Arguments against an attack on Iran were flawed
One of the points Zbigniew Brezinski made against the United States attacking Iran is that “Iranian nationalism would be galvanized into prolonged hatred of the United States” [“The ‘stupidest’ war?” Washington Forum, Jan. 4]. Really? During World War II, the United States dropped two atomic bombs on Japan and carpet-bombed Germany. Ten years after the war ended, Germany joined NATO, and in 1960 the United States and Japan signed a military alliance.
Mr. Brezinski asked whether “China and Russia, given their veto power” in the U.N. Security Council, would “be likely to endorse” a U.S. attack. I can understand the United States seeking NATO support, but when has it been necessary to seek U.N. approval of U.S. military action? President Bill Clinton bombed Yugoslavia in 1999 and President Ronald Reagan sent troops to Grenada and bombed Libya, all without going to the United Nations first. President Obama’s drone war is underway without U.N. approval.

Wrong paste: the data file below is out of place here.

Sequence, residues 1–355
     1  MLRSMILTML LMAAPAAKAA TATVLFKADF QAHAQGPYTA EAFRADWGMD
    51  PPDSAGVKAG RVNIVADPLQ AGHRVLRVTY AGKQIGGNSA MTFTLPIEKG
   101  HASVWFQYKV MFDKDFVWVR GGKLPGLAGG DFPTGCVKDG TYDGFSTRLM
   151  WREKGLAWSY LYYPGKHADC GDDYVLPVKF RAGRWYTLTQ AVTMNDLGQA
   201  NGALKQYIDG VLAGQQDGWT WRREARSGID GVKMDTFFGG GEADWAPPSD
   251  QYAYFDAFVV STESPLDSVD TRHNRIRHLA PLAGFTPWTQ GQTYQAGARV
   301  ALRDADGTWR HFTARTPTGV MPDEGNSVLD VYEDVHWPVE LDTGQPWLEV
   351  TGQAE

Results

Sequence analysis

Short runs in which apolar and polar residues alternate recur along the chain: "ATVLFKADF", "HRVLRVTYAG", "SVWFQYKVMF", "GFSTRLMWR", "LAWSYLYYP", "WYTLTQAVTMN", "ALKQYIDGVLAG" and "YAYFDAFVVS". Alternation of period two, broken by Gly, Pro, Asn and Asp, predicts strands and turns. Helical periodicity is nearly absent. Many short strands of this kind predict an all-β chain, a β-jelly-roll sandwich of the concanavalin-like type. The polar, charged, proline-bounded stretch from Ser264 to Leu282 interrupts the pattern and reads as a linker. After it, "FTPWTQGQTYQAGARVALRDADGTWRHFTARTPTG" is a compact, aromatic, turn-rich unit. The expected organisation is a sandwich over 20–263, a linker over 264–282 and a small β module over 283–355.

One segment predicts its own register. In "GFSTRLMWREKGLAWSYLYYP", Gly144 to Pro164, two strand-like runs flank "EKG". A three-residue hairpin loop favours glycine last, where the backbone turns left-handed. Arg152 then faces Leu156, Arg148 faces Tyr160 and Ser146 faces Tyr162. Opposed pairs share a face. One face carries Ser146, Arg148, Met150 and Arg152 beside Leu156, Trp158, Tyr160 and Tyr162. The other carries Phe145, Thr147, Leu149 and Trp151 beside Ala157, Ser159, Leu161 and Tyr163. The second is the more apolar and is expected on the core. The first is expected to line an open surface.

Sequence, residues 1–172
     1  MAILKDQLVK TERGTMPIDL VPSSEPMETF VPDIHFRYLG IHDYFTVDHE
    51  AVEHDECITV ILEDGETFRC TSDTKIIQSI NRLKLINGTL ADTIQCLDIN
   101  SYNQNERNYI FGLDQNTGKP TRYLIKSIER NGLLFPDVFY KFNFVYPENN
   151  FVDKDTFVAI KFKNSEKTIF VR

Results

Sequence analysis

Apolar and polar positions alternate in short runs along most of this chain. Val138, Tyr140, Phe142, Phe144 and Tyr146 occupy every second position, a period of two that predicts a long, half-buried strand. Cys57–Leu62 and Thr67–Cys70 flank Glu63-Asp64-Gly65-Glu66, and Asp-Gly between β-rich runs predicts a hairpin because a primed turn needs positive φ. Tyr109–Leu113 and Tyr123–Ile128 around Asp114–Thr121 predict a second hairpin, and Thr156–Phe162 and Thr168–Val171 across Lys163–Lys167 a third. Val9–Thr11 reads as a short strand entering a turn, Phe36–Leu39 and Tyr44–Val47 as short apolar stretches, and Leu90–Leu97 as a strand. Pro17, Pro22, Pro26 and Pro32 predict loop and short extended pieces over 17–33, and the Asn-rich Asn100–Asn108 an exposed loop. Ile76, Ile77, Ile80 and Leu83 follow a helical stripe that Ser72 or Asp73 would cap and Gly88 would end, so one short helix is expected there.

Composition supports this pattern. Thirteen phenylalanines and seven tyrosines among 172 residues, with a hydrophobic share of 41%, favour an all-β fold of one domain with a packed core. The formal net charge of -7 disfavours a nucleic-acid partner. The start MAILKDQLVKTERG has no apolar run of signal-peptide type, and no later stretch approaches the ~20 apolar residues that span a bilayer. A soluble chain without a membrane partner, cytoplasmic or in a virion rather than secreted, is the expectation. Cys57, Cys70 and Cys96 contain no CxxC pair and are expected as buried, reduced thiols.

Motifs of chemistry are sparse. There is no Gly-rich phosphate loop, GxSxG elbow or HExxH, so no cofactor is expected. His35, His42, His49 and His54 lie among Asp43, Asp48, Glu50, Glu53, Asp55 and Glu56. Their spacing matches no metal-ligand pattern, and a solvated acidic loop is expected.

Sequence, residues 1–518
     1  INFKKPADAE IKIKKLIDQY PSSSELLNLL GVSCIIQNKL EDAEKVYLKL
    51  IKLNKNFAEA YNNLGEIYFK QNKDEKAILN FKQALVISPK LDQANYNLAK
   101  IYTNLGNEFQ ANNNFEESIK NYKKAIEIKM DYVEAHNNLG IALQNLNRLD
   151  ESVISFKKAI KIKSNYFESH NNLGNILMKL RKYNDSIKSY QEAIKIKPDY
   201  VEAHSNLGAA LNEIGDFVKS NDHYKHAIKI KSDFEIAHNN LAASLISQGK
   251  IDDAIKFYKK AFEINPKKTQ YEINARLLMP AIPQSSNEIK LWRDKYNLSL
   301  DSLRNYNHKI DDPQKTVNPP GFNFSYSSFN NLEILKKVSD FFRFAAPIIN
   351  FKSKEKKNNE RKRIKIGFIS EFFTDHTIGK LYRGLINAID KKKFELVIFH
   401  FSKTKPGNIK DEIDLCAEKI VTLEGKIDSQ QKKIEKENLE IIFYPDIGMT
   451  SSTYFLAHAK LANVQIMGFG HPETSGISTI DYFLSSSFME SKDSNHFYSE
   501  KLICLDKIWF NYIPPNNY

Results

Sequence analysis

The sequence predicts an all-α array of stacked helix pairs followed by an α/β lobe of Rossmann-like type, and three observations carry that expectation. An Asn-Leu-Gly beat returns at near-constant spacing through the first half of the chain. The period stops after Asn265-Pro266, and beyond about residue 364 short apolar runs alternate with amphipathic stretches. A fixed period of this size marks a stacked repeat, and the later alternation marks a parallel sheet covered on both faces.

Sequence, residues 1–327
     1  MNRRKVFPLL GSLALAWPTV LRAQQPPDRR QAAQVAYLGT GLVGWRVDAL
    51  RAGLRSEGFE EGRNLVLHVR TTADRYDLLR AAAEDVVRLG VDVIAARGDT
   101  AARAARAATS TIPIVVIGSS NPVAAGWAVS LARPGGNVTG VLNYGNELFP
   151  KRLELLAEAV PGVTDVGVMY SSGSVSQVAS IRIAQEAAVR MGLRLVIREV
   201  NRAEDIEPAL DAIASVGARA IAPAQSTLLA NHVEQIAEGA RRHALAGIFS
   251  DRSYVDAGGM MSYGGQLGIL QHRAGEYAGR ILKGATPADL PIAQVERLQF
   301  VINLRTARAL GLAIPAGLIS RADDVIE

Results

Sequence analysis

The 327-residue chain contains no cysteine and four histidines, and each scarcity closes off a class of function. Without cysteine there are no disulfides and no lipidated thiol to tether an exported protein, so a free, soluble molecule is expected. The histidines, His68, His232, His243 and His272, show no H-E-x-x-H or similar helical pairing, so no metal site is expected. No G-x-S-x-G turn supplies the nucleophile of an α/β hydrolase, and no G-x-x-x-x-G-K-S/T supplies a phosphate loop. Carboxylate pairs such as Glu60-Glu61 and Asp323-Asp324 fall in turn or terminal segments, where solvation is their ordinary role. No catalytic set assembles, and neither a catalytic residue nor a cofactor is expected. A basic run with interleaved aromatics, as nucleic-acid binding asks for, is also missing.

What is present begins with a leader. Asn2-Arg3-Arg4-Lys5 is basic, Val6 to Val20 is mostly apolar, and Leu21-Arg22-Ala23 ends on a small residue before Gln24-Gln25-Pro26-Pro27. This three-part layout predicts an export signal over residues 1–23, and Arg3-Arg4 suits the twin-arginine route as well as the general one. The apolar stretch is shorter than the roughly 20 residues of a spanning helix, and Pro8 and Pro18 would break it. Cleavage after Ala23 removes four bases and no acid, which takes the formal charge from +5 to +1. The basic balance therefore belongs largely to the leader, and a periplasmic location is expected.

And Mr. Brezinski said that, since Israel “is considered to have more than 100 nuclear weapons, how credible is the argument that Iran might attack Israel without first itself acquiring a significant nuclear arsenal, including a survivable second-strike capability, a prospect that is at least some years away?” The argument he seems to be making is that we should wait until Iran has a full arsenal — in other words, wait until it is too late to do anything — before we do anything.